In the language of physics, which gives a reasonably exact and economical description of natural events, there exists no word or concept equivalent to “now.” Most human cultures have such an idea, together with terms implying that “now” progresses from the future into the past. This paper attempts to identify aspects of the physical world which in contributing to the human experience of time give rise to metaphors of passage. Two facts are discussed in the language of physics: that our knowledge of the past is of a different kind from our knowledge of the future, and that while our acts have consequences for the future, there is nothing we can do to change the past. Both these facts are corollaries of the general increase in entropy asserted by the second law of thermodynamics, which in turn depends on the laws of physics and the overall history of the universe. To carry the analysis further and distinguish what depends on law from what depends on history seems impossible within the present disciplinary limits of science because to distinguish between scientific law and scientific fact requires that one can believe the fact could have been otherwise, and contemplation of the universe gives no grounds for such an opinion. Finally, it is suggested that the “passage of time” can be considered as a metaphorical expression of the pervasive consequences of the general increase in entropy required by the second law.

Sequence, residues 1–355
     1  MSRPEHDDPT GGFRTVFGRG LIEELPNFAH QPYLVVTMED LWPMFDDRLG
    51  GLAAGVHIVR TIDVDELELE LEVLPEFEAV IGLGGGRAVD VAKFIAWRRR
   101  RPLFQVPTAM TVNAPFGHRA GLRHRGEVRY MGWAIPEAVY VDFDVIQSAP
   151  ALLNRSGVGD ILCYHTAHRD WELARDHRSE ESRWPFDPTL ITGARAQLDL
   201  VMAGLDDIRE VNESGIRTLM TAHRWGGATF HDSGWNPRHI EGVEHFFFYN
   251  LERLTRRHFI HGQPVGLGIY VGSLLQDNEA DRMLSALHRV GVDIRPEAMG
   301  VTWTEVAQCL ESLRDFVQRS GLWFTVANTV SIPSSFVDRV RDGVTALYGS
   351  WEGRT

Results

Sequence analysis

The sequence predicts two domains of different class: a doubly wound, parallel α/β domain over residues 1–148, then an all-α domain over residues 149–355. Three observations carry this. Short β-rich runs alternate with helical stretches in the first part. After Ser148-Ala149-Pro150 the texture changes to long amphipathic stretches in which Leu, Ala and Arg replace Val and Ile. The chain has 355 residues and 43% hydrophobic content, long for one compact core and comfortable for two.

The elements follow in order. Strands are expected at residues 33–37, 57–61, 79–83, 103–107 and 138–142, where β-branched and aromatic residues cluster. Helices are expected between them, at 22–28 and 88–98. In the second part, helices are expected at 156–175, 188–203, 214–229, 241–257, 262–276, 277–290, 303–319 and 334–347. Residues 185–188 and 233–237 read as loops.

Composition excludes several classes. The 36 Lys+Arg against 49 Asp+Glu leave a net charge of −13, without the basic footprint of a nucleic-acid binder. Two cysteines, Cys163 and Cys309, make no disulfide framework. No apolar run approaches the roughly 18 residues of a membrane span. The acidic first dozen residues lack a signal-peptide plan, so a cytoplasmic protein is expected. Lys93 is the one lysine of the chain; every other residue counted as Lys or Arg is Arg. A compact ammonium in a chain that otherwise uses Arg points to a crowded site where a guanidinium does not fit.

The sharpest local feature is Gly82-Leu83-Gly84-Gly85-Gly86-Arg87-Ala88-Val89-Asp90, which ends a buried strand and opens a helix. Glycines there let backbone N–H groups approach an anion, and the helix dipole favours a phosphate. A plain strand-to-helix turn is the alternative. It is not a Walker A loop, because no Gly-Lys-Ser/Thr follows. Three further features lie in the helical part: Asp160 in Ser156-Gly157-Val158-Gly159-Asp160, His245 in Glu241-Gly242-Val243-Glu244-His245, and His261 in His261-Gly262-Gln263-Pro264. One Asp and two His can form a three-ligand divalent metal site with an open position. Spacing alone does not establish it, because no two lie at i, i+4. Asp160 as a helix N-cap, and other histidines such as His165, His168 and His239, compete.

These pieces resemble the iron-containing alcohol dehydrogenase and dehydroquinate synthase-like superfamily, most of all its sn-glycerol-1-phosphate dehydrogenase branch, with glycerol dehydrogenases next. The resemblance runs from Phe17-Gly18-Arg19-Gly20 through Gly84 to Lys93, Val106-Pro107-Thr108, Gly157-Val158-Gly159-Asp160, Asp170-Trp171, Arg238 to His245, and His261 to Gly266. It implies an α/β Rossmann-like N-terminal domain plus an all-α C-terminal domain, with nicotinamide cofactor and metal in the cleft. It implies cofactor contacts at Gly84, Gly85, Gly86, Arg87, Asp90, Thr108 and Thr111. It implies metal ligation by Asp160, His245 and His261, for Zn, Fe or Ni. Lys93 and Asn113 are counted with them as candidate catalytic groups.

KeywordsEntropy Manifold Amid Expense Cataract
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